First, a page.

The Bystander Effect Should Start to be taught in Elementary School

In this week’s lesson we read about the bystander effect and the factors that inhibit people to help in emergency situations (Latane & Nida, 1981). I feel like we could tie this week’s lesson in with last week’s lesson on applied social psychology in education because school bullying has become an emergency situation in this day and age. In my blog last week I discussed the situation of my son being beat up at recess. I mentioned how there were three teachers present, not to mention the three different 5th grade classes that were outside for recess together, and not one single person noticed or stopped the fight or tried to intervene in anyway.

The other students present during the situation at recess, being 5th graders (10-11years old), I could understand that they would be unaware of the bystander effect or the factors that inhibit their willingness to help. As a matter of fact, I know that the kid who was beating up my son had friends nearby that witnessed the fight and when asked about it said that they thought my son and their friend was just playing tag. Of course they said this in defense of their friend. My son’s friends were not present and did not witness the fight; therefore my son had no one defending him and his side of the story. However, the teachers that were present on the other hand are a different story; you would think that somewhere in their educational journey to becoming a teacher, or even as an adult, they would have heard of the bystander effect. When I contacted the school about the incident the first thing I experienced from them was diffusion of responsibility. Immediately they put it all on my son saying that it is his responsibility to report the incident. His homeroom teacher, which was one of the ones “monitoring” recess during the incident, tried diffusion of responsibility by saying that she couldn’t see everything that was going on at every moment, implying that someone else should have, or might have, seen it happening. She also tried saying that she never noticed the very obvious black eye my son had by the end of the day, did she purposefully not look at him? This would be exhibiting Milgram’s second way of psychological retreating by prioritizing what we pay attention to as to avoid lower priority things, such as avoiding looking at my son’s face knowing he got hit but not wanting to have to deal with the situation (Schneider, Gruman & Coutts, 2012).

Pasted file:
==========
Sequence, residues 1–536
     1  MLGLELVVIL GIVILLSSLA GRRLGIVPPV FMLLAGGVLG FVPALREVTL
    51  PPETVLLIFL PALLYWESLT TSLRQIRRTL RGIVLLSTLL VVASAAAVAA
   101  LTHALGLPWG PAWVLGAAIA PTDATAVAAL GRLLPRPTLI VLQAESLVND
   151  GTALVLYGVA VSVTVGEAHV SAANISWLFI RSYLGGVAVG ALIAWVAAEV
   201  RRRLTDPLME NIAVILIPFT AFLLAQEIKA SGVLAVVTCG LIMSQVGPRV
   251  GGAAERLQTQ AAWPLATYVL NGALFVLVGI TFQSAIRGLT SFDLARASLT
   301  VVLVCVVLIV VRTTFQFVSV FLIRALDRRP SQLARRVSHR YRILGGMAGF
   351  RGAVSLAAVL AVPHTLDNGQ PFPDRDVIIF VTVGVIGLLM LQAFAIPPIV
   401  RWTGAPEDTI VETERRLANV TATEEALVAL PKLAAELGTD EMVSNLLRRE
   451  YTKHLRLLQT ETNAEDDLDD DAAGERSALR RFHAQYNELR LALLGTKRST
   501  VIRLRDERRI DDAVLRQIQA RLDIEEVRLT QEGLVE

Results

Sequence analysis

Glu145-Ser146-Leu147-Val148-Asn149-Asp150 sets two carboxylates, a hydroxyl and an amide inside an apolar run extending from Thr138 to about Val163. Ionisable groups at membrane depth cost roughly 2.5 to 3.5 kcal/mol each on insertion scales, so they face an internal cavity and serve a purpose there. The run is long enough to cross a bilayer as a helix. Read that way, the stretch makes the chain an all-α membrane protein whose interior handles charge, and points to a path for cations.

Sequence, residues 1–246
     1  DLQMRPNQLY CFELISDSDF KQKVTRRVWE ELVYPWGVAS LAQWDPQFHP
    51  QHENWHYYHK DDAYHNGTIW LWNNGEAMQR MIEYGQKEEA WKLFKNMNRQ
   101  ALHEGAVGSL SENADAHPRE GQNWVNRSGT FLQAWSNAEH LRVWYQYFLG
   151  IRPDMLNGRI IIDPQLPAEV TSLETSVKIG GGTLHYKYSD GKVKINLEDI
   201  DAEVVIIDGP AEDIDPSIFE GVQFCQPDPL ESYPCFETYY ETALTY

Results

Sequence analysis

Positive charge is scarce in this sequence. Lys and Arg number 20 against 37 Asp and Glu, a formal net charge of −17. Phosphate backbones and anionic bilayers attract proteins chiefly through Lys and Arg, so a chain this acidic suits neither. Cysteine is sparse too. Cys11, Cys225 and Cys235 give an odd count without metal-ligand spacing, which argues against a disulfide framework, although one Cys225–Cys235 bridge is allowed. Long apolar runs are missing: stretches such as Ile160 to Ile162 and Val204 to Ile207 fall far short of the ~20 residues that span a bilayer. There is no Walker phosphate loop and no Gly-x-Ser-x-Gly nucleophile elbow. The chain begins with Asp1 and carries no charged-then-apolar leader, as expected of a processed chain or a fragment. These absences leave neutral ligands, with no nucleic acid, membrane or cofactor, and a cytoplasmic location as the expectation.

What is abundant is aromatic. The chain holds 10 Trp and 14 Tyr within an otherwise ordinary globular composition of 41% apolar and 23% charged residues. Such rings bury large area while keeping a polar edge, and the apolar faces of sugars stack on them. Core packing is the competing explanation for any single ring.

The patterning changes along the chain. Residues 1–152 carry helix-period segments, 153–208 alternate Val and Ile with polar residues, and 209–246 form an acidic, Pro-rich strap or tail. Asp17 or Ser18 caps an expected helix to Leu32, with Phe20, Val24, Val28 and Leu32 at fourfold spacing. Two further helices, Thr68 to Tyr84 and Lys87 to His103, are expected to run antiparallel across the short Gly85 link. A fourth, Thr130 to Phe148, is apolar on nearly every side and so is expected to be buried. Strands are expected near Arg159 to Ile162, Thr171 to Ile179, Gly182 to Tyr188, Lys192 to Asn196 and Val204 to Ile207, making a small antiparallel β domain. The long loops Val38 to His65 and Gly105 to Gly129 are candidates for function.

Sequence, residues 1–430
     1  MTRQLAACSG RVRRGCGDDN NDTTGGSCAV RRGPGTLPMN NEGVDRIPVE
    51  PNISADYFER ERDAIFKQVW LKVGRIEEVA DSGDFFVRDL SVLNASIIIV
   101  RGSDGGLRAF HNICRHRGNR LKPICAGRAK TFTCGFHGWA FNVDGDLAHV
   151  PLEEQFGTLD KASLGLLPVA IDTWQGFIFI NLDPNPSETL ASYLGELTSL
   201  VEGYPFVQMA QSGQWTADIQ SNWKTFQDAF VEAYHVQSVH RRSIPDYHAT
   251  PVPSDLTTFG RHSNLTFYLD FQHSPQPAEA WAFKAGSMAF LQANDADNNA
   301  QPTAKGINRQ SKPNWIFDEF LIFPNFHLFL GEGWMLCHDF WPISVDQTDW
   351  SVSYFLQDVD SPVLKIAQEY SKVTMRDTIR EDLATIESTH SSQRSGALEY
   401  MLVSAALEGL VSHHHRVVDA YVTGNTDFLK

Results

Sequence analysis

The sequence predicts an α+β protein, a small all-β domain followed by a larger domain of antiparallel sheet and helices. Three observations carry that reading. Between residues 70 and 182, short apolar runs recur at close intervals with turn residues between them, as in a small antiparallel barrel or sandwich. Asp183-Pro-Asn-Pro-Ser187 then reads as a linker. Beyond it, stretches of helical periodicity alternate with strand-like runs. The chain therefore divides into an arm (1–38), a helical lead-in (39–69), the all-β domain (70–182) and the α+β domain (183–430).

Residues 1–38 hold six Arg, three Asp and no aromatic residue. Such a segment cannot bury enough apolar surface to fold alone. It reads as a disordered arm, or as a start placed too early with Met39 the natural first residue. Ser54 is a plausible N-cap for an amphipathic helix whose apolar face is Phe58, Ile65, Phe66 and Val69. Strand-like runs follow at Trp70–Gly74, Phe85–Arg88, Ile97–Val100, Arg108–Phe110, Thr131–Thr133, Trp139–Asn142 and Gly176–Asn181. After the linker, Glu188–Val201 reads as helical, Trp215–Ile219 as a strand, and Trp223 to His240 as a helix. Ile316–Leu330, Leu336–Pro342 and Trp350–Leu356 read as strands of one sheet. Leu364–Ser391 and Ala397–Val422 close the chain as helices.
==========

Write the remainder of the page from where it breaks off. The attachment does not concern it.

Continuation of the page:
Either way, I feel one possible intervention strategy to help reduce bullying could be to start incorporating lessons on the bystander effect and the factors that inhibit people to help in emergency situations in elementary school. I feel this would bring about more awareness and action at a younger age that could potentially start nipping bullying in the butt. I also feel this would be a good way to engage teachers as well to help intervene in bullying situations instead of just waiting for the child to report it (which we know rarely happens due to the fear of retaliation). What are your thoughts on this intervention? Do you feel it would be feasible? Obviously the intervention program would be modified to be geared more toward elementary aged children and bullying situations more so than like using the example of Kitty being murdered.


Latané, B., & Nida, S. (1981). Ten years of research on group size and helping. Psychological Bulletin, 89(2), 308-324. doi:10.1037/0033-2909.89.2.308

Schneider, F.W., Gruman, J.A. & Coutts, L.M. (2012). Applied Social Psychology (2nd ed.): Understanding and Addressing Social and Practical Problems. Thousand Oaks, CA. SAGE Publications, Inc.